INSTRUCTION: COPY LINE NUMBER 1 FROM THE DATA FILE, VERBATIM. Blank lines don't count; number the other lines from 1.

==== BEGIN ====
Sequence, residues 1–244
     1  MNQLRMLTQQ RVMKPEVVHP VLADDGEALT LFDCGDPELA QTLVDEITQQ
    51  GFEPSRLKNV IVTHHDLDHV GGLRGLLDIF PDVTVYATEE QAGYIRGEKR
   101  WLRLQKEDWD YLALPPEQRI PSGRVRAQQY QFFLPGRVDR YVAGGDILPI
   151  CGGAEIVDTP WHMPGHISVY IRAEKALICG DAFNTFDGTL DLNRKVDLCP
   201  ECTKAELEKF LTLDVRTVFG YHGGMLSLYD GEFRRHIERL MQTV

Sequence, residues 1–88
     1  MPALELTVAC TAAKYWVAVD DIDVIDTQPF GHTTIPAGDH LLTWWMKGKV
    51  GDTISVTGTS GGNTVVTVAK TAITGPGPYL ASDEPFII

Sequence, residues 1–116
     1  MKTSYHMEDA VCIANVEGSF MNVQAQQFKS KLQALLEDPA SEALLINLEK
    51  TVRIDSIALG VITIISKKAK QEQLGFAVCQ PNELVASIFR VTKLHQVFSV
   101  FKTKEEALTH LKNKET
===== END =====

Sequence, residues 1–244